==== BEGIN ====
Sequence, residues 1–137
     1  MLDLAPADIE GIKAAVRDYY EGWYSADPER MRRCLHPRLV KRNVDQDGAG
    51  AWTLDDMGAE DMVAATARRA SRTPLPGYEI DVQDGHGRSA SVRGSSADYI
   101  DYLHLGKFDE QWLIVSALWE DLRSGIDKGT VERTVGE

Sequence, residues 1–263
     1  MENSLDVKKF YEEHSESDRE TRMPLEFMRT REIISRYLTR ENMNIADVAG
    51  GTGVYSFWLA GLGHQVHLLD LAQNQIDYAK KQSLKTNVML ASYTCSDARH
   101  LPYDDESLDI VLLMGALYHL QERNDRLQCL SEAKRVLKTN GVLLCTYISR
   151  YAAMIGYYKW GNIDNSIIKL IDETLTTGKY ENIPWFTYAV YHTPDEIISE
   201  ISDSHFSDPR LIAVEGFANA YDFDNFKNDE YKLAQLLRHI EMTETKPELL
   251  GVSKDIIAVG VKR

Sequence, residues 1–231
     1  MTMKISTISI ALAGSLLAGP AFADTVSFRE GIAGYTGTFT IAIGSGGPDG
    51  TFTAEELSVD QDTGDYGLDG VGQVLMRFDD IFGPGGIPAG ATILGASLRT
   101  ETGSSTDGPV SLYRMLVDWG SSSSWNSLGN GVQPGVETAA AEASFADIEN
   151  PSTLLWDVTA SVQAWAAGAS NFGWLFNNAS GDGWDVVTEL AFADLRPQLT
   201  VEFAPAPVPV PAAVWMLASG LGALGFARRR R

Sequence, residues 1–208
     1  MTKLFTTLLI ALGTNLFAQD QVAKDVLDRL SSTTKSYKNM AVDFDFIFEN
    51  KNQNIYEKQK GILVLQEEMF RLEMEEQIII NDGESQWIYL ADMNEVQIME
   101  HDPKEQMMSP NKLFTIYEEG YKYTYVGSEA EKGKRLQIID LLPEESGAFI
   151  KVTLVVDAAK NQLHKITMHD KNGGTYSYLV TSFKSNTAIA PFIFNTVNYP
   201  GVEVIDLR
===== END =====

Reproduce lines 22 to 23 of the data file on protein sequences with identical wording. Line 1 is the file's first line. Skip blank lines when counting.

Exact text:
   151  KVTLVVDAAK NQLHKITMHD KNGGTYSYLV TSFKSNTAIA PFIFNTVNYP
   201  GVEVIDLR